CD, Einzeleinheit, 2003
I guess I’ll have the privilege of being the second one to write a bad review of Naarmann and Robert Neiteller’s “Schwester Thelesitis”. Released under the banner of EinzelEinheit, a label dealing in “interface music”, as they put it, this 2003 release has seriously troubled me. But since denial is the first line of mental self-defence, I decided that it isn’t me that’s “not getting it” and it’s the record itself to blame.
“Schwester Thelesitis” is, by my books, minimalist ambient electronic music. Its main problem is that it’s more ambient in the sense that it goes unnoticed in an atmosphere, than actually creating one by itself. It may be the fact that the sound is too minimalistic, the range of paces and sounds too limited for my taste, but in the end, I didn’t enjoy this record. As a matter of fact, I almost didn’t notice the record had finished, which is the harshest thing I can probably say about an album.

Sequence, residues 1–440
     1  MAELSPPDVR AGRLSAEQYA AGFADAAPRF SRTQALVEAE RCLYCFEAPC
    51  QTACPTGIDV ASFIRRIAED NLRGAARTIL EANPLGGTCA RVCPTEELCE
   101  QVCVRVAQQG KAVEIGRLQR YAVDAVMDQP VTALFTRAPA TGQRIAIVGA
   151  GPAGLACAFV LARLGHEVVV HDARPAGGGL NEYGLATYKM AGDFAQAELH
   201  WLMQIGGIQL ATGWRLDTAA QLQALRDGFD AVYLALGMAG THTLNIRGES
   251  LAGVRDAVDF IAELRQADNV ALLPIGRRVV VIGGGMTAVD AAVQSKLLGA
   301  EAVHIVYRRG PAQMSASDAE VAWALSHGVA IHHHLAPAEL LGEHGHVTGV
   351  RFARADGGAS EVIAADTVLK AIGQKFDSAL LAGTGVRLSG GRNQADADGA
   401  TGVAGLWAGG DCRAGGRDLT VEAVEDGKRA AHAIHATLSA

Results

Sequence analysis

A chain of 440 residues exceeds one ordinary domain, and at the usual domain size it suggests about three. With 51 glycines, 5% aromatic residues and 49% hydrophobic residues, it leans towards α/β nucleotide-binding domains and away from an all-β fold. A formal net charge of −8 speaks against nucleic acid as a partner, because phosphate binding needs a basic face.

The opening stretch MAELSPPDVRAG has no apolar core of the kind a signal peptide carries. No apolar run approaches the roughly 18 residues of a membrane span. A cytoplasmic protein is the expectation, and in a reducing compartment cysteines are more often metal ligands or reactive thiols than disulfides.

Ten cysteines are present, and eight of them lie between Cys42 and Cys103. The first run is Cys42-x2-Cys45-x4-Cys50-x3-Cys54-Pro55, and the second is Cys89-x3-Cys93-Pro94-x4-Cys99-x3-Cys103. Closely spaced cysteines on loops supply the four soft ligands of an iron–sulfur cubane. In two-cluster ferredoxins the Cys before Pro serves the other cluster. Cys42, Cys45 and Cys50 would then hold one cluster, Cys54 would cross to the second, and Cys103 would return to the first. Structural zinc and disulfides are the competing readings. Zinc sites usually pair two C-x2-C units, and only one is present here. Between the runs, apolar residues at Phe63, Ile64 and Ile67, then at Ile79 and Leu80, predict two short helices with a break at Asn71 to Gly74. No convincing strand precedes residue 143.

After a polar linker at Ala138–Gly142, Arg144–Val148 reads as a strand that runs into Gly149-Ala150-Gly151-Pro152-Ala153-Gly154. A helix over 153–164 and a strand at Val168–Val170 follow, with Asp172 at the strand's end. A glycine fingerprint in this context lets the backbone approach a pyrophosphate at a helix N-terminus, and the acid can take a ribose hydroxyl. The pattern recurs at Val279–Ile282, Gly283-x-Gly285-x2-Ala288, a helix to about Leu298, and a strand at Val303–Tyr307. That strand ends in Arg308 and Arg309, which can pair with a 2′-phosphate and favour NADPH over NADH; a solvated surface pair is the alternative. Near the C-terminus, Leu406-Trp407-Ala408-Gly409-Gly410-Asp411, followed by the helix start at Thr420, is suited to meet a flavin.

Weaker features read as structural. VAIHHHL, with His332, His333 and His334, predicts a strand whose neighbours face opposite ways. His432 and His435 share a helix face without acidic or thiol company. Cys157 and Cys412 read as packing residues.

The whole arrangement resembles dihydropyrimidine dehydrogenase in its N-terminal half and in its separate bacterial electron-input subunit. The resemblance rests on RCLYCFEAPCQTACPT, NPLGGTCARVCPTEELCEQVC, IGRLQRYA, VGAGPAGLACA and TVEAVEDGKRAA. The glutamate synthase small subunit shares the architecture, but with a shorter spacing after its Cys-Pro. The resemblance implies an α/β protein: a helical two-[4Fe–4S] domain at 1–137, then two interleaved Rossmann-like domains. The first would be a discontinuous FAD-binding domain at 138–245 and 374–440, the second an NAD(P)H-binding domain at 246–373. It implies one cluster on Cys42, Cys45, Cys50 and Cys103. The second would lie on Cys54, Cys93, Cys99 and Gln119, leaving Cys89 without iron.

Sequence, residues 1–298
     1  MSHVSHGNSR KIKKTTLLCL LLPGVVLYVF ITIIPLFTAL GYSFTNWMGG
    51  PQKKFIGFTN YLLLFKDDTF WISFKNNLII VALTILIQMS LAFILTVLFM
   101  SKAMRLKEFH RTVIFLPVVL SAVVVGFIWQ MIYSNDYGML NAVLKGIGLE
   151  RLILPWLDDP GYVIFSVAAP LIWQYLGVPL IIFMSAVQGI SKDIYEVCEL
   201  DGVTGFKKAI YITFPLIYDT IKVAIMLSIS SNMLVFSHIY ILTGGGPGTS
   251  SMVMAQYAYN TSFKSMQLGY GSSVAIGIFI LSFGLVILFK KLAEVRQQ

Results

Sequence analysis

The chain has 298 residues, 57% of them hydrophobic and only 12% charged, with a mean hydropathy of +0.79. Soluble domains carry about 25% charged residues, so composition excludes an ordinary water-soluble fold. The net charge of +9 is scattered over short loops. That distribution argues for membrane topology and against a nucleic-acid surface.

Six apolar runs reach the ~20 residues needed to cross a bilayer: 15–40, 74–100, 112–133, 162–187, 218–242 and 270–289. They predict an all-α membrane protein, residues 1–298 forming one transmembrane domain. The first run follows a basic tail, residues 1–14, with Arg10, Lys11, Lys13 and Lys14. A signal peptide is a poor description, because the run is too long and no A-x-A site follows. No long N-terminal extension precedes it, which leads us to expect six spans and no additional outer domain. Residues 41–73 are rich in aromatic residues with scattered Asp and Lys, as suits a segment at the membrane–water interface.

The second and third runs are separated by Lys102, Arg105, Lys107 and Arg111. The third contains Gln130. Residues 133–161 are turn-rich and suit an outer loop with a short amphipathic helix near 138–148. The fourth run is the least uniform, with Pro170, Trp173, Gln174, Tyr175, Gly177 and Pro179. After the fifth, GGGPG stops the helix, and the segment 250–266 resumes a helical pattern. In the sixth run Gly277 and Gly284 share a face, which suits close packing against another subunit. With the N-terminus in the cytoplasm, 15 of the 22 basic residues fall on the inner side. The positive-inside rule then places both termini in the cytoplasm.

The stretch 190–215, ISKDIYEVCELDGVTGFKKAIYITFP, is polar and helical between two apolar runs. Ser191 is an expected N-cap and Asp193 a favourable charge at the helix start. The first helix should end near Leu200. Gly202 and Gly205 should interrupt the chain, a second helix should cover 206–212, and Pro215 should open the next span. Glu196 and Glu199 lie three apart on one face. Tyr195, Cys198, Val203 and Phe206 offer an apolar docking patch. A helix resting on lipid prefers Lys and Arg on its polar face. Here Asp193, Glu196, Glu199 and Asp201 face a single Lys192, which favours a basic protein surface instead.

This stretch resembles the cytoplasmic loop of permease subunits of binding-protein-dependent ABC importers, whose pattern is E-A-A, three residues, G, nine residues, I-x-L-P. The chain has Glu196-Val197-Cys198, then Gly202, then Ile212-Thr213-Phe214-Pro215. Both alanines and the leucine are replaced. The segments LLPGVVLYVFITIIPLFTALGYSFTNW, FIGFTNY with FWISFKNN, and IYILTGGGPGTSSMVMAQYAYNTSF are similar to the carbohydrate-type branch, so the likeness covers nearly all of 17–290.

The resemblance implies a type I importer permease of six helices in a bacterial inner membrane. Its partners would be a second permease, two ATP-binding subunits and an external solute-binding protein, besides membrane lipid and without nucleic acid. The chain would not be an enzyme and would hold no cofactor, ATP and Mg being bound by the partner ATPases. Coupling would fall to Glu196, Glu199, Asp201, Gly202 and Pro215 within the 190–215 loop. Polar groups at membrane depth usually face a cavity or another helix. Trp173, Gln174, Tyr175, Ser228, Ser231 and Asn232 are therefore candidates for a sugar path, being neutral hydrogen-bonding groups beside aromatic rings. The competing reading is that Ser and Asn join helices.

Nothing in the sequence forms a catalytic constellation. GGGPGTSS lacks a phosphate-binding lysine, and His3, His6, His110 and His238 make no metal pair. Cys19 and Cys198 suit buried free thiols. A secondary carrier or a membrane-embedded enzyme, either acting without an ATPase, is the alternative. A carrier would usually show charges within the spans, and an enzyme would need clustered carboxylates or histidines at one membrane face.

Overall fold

Naarmann and Neiteller should really work on their structures, and try adding more depth to their syntheses. The listener mustn’t imagine the ambience himself based on fragments of sound, but be immersed in it, and that’s where I believe “Schwester Thelesitis” fails. The repetitive and simplistic sound of the release will disappoint you, especially if you actually try hard to find redeeming qualities in it.
I at least hope that the upcoming “Naarland” release from this duo will be only worth praise..
— George Mouratidis